Meet The Sleep Artist Who Can Only Draw When He’s Subconcsious

Republished from the Huffington Post

Lee Hadwin has an unusual talent. Since the age of four, the Welsch man has been creating artworks while asleep, drawing everything from Marilyn Monroe to partially nude fairies while he is in a subconscious state.

He claims to have no artistic abilities otherwise, assuring critics and journalists that he makes “horrific” artwork when he’s awake. It’s only when he’s sleeping that his knack for drawing detailed figures and abstract forms reveals itself.


Despair, Lee Hadwin

Hadwin has allegedly stumped sleep disorder experts. In an interview with The Huffington Post, he explained that he’s submitted to tests by various clinicians who have failed to diagnose the unique artist with anything but parasomnia, a term used to denote a broad spectrum of strange sleep habits ranging from extreme teeth grinding to night terrors. Scientists can explain why he might have the urge to walk and sketch in his sleep, but not why his creative flair remains dormant during Hadwin’s waking hours.

It’s difficult not to be suspicious of Hadwin’s bizarre story. His paintings have sold to collectors around the world (including Donald Trump) and his mysterious condition has catapulted his name to the top of headlines across Britain. But no definitive conclusions have been drawn explaining why or how his “sleep-drawing” persists. Ahead of his upcoming “art” show at Ripley’s Believe It Or Not, we contacted the artist to learn a bit more about his circumstances. Scroll down for interview.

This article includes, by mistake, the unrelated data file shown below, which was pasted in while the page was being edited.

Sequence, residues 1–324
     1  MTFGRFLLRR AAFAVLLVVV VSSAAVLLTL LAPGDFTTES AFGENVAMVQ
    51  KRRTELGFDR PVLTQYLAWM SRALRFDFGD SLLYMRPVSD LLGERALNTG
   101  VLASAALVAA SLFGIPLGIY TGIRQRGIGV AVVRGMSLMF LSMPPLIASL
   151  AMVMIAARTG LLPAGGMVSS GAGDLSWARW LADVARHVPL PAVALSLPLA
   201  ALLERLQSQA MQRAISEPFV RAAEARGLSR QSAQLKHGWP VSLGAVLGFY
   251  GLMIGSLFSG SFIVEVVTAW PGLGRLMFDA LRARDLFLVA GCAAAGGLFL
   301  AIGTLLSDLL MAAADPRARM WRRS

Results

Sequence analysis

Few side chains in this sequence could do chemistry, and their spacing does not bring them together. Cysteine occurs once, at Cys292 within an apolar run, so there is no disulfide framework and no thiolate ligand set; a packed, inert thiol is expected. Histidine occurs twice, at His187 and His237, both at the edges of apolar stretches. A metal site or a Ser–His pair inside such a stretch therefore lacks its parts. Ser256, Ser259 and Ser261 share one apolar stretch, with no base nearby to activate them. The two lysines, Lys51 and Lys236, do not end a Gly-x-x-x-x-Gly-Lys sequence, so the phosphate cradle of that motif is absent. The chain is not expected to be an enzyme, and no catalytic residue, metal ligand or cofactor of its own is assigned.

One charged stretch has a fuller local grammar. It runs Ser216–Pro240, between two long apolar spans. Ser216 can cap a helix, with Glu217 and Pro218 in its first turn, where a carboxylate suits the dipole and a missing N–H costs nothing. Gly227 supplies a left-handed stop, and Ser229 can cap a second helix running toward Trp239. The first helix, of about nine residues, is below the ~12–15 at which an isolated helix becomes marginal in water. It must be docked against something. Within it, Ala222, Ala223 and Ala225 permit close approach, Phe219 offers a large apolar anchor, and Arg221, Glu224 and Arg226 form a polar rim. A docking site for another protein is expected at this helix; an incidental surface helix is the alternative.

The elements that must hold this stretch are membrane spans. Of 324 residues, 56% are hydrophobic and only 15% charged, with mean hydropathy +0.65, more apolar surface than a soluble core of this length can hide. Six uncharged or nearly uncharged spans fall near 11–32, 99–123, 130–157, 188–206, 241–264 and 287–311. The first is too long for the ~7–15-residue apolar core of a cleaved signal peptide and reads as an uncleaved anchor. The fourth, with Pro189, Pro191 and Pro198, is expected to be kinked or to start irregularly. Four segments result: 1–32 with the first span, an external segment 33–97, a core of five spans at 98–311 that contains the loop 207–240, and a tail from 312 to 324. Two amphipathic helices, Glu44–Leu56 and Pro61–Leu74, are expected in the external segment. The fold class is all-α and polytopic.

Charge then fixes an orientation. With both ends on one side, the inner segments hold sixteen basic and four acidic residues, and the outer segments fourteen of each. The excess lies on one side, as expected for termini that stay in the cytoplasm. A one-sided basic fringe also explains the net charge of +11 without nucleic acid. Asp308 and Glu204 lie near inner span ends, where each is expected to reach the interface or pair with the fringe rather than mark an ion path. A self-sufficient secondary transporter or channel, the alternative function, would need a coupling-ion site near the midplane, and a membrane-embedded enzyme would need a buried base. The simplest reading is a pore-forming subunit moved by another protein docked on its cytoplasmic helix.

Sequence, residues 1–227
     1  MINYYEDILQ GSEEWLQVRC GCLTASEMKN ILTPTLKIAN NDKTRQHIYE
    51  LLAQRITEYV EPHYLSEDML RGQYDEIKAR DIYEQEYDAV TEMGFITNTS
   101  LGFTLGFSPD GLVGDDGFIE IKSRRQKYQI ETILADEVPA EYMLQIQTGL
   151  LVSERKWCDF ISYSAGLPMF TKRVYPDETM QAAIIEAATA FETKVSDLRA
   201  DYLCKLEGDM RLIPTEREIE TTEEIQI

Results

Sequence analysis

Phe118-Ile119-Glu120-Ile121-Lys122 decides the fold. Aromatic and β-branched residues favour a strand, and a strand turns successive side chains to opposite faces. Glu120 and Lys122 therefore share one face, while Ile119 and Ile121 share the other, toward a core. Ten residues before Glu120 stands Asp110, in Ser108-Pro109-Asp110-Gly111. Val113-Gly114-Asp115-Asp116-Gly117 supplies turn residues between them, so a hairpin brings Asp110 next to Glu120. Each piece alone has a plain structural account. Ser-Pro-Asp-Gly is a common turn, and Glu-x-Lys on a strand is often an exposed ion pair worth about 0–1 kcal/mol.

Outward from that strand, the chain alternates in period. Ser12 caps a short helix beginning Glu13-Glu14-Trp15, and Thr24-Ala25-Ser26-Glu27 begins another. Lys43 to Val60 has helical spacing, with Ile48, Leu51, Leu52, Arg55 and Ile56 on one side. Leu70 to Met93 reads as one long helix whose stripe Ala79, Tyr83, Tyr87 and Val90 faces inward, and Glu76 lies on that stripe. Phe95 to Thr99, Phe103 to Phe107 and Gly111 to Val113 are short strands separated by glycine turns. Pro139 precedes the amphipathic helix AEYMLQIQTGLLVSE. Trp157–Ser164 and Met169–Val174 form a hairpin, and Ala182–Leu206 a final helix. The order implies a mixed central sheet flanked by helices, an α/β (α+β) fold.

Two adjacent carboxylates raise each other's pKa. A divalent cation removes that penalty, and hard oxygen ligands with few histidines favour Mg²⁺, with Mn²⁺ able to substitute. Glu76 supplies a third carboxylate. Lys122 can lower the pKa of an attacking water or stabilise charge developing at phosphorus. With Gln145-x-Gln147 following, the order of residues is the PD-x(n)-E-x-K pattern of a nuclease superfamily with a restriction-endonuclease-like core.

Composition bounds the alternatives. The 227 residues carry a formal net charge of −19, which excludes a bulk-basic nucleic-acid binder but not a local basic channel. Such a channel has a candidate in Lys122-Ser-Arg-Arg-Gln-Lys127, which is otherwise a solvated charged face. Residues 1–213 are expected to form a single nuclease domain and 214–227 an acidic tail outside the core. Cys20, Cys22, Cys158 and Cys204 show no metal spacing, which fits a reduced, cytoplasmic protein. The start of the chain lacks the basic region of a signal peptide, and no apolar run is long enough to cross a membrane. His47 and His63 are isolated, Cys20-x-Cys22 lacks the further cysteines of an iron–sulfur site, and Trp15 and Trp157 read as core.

Ocean, Lee Hadwin

When did you start creating art in your sleep?

It was when I was about four or five years old. At around 12 or one o’clock in the morning I would start scribbling on the walls of my bedroom. I wasn’t making masterpieces at that age. I’d just get up, scribble and sleepwalk around. My parents took me to the doctor and they thought it was just a normal sleepwalking habit. But in my teens the drawings became more intricate. I drew four Marilyn Monroe [portraits] at that time, and that’s when the doctors sat up and thought this was a a bit strange. They didn’t realize at the time that I didn’t draw while I was in a conscious state. That I wasn’t drawing while awake, only while I was subconscious.

You began drawing on walls and then switched to drawing on paper. Did you start keeping supplies by your bed just in case?

Years ago I would get up and draw with anything. I used coal from the fire and forks and knives as a kid. Now, basically I just leave a load of stuff in the drawer next to my bed, with paper underneath my bed. It was only four years ago that I started drawing in color. Before it was just pencils and stuff. Now I leave pastels too.

Do you remember making art in your sleep?

I don’t remember drawing. I have no recollection. I know when I wake up. I feel like I am on the verge of a panic attack or something. And I get a migraine. I know I’ve done something, and then I see the drawings.


The Look, Lee Hadwin

Do your sleeping artworks resemble images you’ve dreamed of? Do you ever recognize the images?